I read yesterday that Stephen King paid to transport a whole bunch (the article was more specific but I've slept since) of soldiers home to Maine for Christmas before they have to deploy overseas in January. First of all, bravo to Mr. King, of course. I doubt that the money put him in any sort of financial bind, but it would have been just as easy to tell them that they were on their own, he paid his taxes and that should be enough to transport the troops wherever they needed to go. Are there no prisons, no workhouses? Sorry, Dickens moment.
Ultimately, he didn't do that, he stepped up and he deserves applause for it. I'll wait while you clap at your computer.
The really interesting part of the whole story though, was that he was asked for thirteen thousand to bring the troops home but he refused to do that on the grounds of thirteen being unlucky. Instead he gave $12,999 and his assistant added the extra buck to round it out. Publicity stunt? Possibly, it does give the story a twist that a simple wealthy man who aids those in need story would not have, but I think it goes a little deeper.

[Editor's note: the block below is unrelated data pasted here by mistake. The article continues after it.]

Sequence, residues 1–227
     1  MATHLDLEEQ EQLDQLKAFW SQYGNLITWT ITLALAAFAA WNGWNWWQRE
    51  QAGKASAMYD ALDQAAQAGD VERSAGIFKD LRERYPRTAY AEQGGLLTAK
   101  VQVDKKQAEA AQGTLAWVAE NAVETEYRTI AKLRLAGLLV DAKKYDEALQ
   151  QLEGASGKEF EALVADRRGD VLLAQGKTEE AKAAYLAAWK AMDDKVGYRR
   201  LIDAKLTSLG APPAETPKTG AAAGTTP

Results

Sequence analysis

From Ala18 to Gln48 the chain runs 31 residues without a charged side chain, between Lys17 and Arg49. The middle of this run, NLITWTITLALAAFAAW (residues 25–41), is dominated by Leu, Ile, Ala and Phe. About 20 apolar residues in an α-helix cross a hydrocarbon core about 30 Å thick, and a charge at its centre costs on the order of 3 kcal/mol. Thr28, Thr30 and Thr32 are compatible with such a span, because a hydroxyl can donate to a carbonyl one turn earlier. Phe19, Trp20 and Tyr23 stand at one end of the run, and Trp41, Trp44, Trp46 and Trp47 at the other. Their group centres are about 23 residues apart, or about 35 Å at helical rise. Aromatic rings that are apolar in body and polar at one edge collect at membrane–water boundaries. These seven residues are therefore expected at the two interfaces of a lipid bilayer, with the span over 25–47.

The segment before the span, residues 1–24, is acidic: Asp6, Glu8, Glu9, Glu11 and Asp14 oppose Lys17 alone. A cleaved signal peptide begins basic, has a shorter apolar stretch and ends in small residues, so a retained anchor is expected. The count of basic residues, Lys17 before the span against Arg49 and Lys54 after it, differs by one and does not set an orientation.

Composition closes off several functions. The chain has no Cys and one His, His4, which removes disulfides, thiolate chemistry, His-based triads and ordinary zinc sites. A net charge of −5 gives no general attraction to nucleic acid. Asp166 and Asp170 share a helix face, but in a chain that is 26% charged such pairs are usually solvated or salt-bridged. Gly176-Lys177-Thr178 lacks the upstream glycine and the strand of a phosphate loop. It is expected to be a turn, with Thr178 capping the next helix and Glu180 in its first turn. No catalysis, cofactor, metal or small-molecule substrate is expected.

First of all, as a fan and avid reader of Mr. King I know that he has said many times how much he dislikes the number thirteen to the point of avoiding addresses which add up to the wicked number. Those who have read or even seen the movie version of Room 1408 know that he has thought of this before. Also, even if you can consider this a simple publicity stunt, why go this way. It's Christmas, wouldn't it have been more appropriate to send each soldier his ticket in a stocking? That certainly would have garnered more notice than deducting a dollar due to superstition.
No, I think that Mr. King was joking out of one side of his mouth while breathing a sigh of relief out of the other.
Which makes me wonder, how much do I let superstition affect my life? I certainly knocked on my share of wood throughout the day. I refuse to say things out loud lest they come true, or don't come true depending on the desired outcome. I don't worry about spilling salt but I typically walk around ladders rather than under them. I can't remember the last mirror I broke but I'll guarantee that if I should shatter one today part of me would be wondering about the next seven years.
I suppose as long as I'm living my life with out too much interruption my mild superstitions shouldn't bother me, but just to be sure, maybe I should go knock on some wood.